I am looking for the simplest electronic solution to be contained in boxes B1 and B2 so that when the switch SW is toggled, a signal (free choice) should be carried across the AC power lines (residential 110/220V) to B2 where it should be detected and converted to a small voltage meant to feed some input GPIO pin of a microcontroller.

In other words, the uC should be aware whenever the switch gets toggled, provided the configuration. B1 and B2 are some feet apart and the circuit is also used for other consumers, therefore no huge voltage or current spikes can be used unless filtered by B2. The carried signal can be of any kind as far as B1 can generate it and B2 can detect (and further cancel) it. I hope for an easy solution, not involving additional uC or heavy signal modulation processing, if possible.

LE: based on the provided answers I want to stress out the need of the simplest solution to send/receive a "sign" of any kind over the power lines. I don't need to de/modulate data, a fair voltage spike generated by B1 that can be detected and filtered out in B2 would be enough for the "sign" I need, if possible. I'd rather avoid uC and heavy processing in B1, maybe just in B2.


  • 1
    \$\begingroup\$ Google Riva PLC and IEEE1901.2. \$\endgroup\$
    – skvery
    Mar 16, 2017 at 21:13
  • \$\begingroup\$ Is this local to a house, street, etc ...how far do you want this signal to go. Potential regulation problems if you want this beyond a house, the utilities don't like you using their wires as a communications channel. The power line is a very low impedance, you need considerable power at very low frequencies to get through all the roadblocks such as transformers and power factor correction blocks. Perhaps describe what you are actually trying to achieve and someone could help you. \$\endgroup\$ Mar 16, 2017 at 21:14
  • \$\begingroup\$ All this happens inside a house, a room actually. There's a switch and I can insert B1 before it in the wall box and a few feet away (no consumers yet on the circuit) I have access to the power line wires where I can hook B2. Is here that I need to know each time the switch is toggled. The power lines further feed some residential consumers. \$\endgroup\$
    – i2r
    Mar 16, 2017 at 21:28

3 Answers 3


You were not clear if you wanted to design your own or buy an off the shelf product. Either way I doubt you will do better than this cost wise.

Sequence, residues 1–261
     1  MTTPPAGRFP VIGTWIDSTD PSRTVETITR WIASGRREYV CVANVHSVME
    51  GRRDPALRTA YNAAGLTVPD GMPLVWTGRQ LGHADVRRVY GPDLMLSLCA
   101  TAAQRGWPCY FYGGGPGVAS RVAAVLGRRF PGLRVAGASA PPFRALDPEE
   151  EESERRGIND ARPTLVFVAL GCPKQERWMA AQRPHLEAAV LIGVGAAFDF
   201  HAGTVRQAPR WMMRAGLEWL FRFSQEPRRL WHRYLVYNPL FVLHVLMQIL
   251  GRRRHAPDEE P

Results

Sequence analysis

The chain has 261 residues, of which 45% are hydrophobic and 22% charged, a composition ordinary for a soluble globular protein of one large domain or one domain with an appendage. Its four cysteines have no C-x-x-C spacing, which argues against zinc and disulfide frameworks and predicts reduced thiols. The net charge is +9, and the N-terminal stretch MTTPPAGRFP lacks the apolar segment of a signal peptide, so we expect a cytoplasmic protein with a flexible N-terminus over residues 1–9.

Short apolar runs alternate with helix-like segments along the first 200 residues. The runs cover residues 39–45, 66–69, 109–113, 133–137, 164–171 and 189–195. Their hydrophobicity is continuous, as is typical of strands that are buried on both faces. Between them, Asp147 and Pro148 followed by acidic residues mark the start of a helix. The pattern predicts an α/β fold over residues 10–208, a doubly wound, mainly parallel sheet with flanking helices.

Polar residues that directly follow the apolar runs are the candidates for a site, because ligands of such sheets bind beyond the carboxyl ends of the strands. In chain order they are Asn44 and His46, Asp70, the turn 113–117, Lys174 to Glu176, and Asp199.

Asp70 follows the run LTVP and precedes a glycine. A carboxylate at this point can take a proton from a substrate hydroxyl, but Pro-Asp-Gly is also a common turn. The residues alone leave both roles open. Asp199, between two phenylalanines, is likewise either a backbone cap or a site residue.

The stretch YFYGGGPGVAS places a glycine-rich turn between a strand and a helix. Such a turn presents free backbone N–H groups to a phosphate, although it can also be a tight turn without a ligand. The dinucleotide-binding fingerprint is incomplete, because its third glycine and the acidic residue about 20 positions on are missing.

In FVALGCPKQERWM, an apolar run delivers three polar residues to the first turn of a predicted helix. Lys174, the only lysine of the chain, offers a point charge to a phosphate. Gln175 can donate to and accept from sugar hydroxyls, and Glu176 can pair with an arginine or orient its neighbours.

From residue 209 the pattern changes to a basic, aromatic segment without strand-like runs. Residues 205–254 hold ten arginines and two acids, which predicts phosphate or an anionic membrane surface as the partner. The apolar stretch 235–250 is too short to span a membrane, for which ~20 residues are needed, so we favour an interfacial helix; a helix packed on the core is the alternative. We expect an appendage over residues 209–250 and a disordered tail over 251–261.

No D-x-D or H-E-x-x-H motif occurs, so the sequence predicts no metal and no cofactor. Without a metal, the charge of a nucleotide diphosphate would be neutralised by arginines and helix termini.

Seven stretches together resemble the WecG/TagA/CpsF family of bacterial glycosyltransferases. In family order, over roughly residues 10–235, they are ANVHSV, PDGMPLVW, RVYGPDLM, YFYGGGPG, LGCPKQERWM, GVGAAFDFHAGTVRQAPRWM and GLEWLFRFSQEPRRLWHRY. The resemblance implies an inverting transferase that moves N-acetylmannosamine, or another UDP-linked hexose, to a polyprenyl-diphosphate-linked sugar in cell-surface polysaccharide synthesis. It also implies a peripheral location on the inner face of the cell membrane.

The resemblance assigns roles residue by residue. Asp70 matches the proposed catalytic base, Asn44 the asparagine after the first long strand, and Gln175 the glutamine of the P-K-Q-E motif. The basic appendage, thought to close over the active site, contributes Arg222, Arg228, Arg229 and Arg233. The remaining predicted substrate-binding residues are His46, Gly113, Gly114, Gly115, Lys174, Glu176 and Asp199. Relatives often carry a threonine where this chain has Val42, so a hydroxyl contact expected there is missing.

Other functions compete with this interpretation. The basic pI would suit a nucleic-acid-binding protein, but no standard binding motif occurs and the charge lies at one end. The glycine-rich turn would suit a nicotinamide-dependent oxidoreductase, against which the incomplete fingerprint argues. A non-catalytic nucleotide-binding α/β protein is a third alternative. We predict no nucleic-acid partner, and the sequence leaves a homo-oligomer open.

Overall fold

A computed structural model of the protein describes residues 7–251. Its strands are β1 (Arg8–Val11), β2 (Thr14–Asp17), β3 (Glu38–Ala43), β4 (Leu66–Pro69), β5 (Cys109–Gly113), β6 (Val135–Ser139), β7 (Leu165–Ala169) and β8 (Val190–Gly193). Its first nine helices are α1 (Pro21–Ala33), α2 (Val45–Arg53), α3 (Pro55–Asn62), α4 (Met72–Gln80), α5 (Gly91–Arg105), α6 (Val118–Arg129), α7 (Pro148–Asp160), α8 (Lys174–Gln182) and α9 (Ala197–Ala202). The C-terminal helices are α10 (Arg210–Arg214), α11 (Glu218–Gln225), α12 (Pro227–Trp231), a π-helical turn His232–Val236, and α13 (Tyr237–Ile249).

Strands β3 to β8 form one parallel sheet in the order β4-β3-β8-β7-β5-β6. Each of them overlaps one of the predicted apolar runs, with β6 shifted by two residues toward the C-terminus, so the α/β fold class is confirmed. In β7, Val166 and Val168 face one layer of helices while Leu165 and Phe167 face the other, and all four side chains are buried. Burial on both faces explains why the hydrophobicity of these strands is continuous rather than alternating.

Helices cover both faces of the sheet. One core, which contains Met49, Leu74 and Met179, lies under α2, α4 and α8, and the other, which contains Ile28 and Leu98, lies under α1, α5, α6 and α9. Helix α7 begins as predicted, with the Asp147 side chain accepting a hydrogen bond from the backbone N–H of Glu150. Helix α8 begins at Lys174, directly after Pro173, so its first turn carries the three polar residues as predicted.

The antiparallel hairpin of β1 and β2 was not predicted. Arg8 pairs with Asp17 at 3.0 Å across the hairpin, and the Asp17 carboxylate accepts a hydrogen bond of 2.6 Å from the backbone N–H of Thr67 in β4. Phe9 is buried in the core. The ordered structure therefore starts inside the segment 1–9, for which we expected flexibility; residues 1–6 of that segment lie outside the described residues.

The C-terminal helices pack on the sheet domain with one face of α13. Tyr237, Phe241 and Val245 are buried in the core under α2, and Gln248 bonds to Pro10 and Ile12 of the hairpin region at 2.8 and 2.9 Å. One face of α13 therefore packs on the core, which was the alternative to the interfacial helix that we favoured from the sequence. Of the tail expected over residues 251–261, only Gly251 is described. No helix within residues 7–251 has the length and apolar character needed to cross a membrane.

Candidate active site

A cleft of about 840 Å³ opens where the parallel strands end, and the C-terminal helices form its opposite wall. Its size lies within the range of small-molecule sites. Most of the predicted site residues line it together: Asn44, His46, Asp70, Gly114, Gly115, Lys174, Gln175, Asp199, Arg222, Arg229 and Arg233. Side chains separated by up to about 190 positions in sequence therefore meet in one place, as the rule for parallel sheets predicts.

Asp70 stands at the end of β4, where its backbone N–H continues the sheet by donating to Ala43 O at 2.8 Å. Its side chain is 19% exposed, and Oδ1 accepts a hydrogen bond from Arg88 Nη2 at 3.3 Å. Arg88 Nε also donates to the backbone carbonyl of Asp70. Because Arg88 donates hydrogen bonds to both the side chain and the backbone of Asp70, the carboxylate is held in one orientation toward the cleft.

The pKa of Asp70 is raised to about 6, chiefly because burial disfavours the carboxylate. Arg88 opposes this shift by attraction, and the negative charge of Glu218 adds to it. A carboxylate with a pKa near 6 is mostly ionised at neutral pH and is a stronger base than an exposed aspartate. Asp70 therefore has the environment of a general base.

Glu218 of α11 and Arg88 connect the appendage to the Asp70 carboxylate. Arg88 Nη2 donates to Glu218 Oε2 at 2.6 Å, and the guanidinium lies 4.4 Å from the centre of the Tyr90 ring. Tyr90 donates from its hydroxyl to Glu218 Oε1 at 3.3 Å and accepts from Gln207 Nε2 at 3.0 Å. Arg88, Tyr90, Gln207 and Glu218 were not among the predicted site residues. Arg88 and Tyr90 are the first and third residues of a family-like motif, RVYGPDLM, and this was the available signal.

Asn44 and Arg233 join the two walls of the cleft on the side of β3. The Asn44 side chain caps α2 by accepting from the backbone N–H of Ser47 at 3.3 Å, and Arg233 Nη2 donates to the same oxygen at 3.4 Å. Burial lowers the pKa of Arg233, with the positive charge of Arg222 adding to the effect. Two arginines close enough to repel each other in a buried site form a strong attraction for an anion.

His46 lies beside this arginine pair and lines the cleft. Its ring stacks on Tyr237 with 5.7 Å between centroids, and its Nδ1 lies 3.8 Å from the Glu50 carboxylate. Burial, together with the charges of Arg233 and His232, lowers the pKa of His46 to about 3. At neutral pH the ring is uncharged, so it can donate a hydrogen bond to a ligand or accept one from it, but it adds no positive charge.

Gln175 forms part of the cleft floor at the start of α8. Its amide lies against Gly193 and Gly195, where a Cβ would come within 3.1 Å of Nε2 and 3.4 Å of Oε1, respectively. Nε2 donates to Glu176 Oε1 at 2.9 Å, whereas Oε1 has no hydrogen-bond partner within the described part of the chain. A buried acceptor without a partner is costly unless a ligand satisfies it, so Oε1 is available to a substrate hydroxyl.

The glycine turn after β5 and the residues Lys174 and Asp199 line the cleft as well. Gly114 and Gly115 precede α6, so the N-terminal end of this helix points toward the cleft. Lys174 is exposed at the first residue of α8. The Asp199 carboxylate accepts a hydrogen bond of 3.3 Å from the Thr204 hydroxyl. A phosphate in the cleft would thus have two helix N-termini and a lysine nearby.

Powerline Communication Shield for Arduino

LINK Product Information

LINK to buy Shield $50

They also have a Powerline Communication Module $29

Powerline Communication Shield for Arduino

Or build your own from the schematics (PDF)

Powerline Modem Schematic


So the first thing that came to mind was those ethernet over power boxes (not to be confused with Power over Ethernet). Unfortunately they seem to be black magic with regard to tracking down a good schematic, however the process was described as:

"Such products are based on a standard called HPAV - HomePlug AV. They essentially couple the AC line with the digital baseband signal. The AC line has a frequency of 50-60Hz, while the digital communication happens between 2Mhz & 50Mhz. The upper limit is determined by the flavor of HPAV used. On the receiver, the AC interference is filtered out and the digital signal is demodulated. - https://www.quora.com/In-a-nutshell-how-do-ethernet-over-power-line-adapters-work

This is appears to be what you are trying to do. In searching I found the following site about making a WiFi switch for an electronic device, so depending on how tight your constraints are either solution may work...


Whatever you end up going with, be careful since it is mains and try to have someone else around just in case.


If you are willing to take a different approach, then there is a simpler and inexpensive way to do all this. You can install two esp8266 modules - one each in B1 and B2. Esp in B1 will detect the switch state and transfer the information to B2 over wifi. Follow this answer to learn how to sense ac using a micro-controller:


The answer was written for R-Pi but it will hold true for any micro-controller.


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